Holton recalled that the fund-raising effort dwelt on the proposition that money raised through the Friends and the Council is not to be money that supplants the AIP support of the History base program. The whole assumption was that, the AIP Board having made a commitment for a minimum program, physicists should also make one for additional support. The urgency of checking oral history transcriptions while the subjects are still alive has been cited as an example of effort for which the additional support would be used. Holton felt that impounding the money would produce a strong and unfavorable reaction among those who had helped raise it.

Further discussion revolved around the question as to whether AIP is committed indefinitely to a level of $100,000 per year support from its own resources and on the wisdom of expanding this program at a time when AIP is experiencing a deficit. It was pointed out that the expansion is not a long-term commitment.

The following two motions were then made, seconded, and passed:

  1. MOVED to rescind the previous motion. One negative vote was cast by Havens.

  2. MOVED to empower the spending of the appropriation as set forth on Page 37 of the AIP Budget. Havens voted “No” and Jeffrey abstained.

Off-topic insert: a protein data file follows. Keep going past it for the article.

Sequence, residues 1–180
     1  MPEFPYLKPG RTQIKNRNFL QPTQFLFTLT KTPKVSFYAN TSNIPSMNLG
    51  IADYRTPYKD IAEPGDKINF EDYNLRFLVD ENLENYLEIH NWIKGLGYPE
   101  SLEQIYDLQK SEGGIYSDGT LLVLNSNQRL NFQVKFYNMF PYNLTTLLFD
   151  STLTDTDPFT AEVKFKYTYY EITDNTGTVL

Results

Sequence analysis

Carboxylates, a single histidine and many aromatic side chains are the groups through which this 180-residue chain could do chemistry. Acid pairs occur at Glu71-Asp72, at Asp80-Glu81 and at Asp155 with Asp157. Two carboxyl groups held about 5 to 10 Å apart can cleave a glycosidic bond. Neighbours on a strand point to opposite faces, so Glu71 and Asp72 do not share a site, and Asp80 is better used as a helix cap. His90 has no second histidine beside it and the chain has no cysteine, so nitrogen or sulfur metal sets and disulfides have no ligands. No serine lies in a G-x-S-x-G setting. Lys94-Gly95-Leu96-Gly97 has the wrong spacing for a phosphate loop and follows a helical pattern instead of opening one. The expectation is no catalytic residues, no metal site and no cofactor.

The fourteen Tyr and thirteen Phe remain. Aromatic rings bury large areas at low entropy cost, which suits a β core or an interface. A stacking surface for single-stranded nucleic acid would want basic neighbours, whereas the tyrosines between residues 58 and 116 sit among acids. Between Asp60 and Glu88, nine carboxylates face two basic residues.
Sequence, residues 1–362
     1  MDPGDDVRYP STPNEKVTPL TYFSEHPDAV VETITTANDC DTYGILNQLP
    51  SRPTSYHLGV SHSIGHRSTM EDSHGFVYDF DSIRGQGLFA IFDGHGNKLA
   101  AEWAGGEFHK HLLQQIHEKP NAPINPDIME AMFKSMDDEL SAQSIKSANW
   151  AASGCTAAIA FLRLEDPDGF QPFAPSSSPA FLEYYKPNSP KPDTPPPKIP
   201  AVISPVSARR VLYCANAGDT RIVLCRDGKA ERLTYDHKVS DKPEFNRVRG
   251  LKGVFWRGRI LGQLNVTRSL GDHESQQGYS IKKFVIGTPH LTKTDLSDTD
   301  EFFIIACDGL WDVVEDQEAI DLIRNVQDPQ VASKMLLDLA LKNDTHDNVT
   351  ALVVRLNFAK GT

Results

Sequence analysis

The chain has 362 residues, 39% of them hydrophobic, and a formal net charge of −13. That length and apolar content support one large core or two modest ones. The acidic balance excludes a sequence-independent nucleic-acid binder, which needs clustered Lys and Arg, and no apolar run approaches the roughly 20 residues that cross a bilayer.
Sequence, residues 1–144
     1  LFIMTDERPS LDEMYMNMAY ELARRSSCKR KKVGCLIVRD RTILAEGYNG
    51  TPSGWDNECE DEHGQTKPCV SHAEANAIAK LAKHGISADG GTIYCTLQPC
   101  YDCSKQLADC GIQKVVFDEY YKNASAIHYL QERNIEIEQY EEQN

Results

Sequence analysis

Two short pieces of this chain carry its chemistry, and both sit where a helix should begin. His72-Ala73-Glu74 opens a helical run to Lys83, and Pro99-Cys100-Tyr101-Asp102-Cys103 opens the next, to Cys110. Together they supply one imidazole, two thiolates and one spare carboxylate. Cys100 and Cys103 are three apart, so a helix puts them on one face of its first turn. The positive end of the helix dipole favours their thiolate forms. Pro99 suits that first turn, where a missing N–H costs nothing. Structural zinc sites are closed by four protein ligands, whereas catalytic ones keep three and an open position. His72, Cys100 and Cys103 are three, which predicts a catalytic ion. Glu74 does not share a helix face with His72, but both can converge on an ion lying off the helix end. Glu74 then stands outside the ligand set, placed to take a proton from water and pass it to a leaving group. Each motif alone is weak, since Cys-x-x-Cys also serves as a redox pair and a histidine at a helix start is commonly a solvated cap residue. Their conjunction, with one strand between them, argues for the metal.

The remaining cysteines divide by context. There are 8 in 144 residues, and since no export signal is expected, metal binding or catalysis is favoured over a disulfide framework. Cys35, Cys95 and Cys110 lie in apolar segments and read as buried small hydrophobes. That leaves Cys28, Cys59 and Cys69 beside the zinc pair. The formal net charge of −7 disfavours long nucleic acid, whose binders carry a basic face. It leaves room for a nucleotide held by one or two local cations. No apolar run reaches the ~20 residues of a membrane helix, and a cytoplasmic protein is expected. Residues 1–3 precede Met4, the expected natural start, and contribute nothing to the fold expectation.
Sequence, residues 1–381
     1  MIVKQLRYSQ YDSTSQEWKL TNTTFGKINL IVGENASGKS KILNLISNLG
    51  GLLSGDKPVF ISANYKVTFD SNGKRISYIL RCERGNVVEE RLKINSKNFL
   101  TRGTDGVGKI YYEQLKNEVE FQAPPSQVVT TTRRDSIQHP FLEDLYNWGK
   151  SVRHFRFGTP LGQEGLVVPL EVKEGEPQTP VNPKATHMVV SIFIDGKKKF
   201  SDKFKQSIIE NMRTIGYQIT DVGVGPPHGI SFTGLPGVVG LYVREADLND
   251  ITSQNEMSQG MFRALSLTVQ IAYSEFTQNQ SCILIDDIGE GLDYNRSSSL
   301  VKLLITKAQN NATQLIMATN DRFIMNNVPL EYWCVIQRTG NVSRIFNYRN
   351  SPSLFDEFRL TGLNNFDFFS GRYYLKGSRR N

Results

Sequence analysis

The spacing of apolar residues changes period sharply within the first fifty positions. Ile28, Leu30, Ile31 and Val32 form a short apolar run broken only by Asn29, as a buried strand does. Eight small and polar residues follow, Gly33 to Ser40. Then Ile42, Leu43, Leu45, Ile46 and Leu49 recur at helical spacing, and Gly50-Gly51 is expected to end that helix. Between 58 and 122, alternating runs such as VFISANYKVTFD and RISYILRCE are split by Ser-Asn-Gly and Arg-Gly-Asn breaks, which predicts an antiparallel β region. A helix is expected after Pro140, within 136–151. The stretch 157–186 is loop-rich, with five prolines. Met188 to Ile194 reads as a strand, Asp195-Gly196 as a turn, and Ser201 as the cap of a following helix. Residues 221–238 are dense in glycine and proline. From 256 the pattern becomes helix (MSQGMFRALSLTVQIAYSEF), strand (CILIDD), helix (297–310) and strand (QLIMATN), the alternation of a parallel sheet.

On December 21, 1973, Koch sent a memorandum to members of the Executive Committee attaching the review of minutes, letters, and discussion held with the AIP Management Committee regarding the initial intentions that motivated the raising of the funds for the Physics History Program. His memorandum includes the following statement: “Based on that review, I have authorized the staff to proceed with their Physics History Program plans for 1974 that were approved in principle on 17 December 1973 and that were subject to my review.”

Gilbert resumed discussion of the budget by pointing to the proposed net income of $38,000 for 1974 if we proceed with the transfer of funds from the Publishing Reserve (about $33,000) and Physics Abstract Fund (about $147,000). This net income will serve to reduce the accumulated deficit we are starting with in 1974. The budget for the Manpower Division (Pages 34 and 35 of the Budget) includes now (Page 34) the outside support, $40,000 from APS for the Placement Project and $40,000 for the Doctoral Employment Information Service which will come from participants. It does not include the $15,000 being sought for support of Register activities.

3. Publishing Procedures on Which 1974 Budget is Based